But with a cold forcing me to stay in my apartment night after night, I've been relegated to watching lots of television the last few evenings. Lucky for me, it seems like there's a "Law & Order" on at all times, on like three different channels.
But what happens when you've seen the episode not so long ago, it's 11 p.m., there's nothing even remotely watchable on and you can't listen to music because you're deaf in one ear because of sinuses? Well, you watch Pounds.
About six months ago, I was flipping through the channels and found some wacked-out show hosted by Beatnik 2000 regular Floatin' Fred. I had met the man a few times, but never knew he had some odd gig — flailing his baton around while local musicians dance. Well, last night I found "The Underground with Pounds." What a score.
Normally, I would just keep on flipping through the public-access stations, but this one caught my eye because it was a "Tonight Show"-like show and Pounds' guest was The Broken West, a California band that has a four-star disc hitting stores next month. You might remember that I gushed over these guys before their gig at Cafe Nine in late October, then when I went to see them again the next night in Boston.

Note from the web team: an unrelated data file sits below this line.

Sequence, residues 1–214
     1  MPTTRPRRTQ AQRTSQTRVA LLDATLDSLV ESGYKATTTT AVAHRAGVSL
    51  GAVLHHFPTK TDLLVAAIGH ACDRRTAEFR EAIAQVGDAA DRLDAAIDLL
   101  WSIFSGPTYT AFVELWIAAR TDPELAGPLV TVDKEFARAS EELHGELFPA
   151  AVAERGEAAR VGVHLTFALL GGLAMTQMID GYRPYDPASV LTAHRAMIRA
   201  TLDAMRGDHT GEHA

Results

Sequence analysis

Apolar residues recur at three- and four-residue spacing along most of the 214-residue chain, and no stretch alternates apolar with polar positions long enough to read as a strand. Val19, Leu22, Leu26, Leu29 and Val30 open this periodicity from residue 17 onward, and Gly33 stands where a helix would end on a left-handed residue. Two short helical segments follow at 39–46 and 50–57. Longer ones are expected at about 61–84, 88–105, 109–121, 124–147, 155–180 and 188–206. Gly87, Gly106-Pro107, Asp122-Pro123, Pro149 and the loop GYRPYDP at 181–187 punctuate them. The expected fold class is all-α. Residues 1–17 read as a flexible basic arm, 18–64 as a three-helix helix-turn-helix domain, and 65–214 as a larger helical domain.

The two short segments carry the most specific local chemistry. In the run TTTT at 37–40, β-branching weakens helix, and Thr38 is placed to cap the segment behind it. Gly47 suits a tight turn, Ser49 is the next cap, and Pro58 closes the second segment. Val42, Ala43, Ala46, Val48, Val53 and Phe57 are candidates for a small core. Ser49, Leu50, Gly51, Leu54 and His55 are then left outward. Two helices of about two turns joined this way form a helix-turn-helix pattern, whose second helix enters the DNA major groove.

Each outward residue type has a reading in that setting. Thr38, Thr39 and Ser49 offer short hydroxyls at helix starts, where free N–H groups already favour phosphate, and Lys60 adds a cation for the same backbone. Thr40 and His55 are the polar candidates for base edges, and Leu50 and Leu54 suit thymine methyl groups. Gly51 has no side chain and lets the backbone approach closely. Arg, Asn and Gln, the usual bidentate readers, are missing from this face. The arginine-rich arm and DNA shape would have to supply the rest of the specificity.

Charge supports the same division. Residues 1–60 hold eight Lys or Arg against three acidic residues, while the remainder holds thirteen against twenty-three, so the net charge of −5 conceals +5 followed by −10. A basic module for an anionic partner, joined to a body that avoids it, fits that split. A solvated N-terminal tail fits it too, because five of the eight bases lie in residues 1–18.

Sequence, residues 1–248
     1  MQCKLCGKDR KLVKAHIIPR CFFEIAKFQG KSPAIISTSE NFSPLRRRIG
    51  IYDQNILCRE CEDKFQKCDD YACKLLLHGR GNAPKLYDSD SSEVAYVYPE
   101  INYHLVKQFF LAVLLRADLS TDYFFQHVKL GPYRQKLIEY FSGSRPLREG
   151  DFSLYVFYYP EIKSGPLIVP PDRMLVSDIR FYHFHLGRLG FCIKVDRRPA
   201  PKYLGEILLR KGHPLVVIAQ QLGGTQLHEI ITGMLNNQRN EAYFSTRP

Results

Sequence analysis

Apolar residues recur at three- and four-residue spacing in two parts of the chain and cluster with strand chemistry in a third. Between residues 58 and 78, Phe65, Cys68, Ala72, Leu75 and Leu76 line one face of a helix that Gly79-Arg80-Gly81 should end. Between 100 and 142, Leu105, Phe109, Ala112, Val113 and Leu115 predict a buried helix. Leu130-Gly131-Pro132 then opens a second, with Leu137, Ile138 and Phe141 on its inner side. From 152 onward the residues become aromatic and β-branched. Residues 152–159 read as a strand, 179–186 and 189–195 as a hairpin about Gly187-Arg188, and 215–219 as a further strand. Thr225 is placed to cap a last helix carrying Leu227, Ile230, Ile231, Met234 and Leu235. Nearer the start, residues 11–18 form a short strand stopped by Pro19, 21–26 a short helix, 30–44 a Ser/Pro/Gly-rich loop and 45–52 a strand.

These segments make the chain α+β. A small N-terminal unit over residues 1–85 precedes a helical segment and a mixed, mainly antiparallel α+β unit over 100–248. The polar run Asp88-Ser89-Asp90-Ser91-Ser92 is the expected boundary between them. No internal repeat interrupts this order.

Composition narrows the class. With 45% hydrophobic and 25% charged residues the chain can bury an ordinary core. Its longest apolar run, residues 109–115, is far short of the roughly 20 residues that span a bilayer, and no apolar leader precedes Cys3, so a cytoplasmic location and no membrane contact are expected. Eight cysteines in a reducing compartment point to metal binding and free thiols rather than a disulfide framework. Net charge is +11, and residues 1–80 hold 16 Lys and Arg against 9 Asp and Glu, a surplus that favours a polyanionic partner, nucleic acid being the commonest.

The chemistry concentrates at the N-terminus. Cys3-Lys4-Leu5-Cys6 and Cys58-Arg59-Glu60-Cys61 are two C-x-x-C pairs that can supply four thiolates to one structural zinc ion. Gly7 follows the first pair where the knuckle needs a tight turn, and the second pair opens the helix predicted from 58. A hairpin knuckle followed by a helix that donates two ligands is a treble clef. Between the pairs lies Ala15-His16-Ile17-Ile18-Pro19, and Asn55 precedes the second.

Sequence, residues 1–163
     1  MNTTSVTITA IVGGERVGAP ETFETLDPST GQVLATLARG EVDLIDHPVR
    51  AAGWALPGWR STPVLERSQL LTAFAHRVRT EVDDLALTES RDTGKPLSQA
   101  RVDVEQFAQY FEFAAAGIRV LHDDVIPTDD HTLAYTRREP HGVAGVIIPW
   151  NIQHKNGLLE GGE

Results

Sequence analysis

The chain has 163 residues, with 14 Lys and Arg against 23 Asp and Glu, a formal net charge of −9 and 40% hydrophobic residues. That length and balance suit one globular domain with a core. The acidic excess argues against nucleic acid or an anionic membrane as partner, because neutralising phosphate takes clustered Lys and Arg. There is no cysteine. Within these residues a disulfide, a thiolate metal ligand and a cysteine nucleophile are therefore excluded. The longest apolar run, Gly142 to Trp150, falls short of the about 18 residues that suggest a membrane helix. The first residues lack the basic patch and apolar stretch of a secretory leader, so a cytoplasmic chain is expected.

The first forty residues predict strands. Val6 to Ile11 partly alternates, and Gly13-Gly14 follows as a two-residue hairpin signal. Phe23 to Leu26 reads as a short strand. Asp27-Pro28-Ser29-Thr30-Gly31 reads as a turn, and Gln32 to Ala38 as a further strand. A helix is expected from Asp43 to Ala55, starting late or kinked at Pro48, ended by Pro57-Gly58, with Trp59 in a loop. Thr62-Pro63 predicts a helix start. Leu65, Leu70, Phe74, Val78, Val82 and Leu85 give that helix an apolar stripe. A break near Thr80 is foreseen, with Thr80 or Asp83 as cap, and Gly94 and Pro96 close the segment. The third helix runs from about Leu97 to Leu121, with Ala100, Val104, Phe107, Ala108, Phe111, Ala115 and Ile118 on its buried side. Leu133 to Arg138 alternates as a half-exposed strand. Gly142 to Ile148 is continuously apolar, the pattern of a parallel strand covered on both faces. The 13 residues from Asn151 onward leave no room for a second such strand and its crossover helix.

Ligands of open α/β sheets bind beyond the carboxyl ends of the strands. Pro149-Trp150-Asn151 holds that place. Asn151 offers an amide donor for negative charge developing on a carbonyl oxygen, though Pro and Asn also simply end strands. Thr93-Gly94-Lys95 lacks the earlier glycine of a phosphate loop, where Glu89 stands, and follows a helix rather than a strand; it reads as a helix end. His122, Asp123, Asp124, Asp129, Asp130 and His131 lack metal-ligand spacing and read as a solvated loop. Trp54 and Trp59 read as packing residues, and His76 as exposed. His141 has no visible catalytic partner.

Pounds is quite the guy. He may not have the best interview skills, but what he lacks in those, he makes up with in pure energy, and, of course, the skeleton costume that he wears. The self-proclaimed filmmaker/skateboarder, according to the credits, hosts the show, produces it, writes it, edits it and is the sound engineer. That's a whole lot of hats.
"The Underground with Pounds" also splices in numerous scenes from "Gremlins," over and over again, for no particular reason. I wonder if the studio gave Pounds credit to use the clips. Doesn't matter, though. The Broken West actually performed a couple songs on the show acoustically, and it sounded damn good.
Anyway, take it from me, if you can't leave your couch, try to find Pounds. Who cares if he wears a skeleton costume, seems a bit controlling and instead of asking questions merely mutters statements to comment on? He had The Broken West on his show months before the band's debut disc came out. That's good taste, and "The Underground with Pounds" is a great mixture of good TV and unintentional comedy. Good stuff.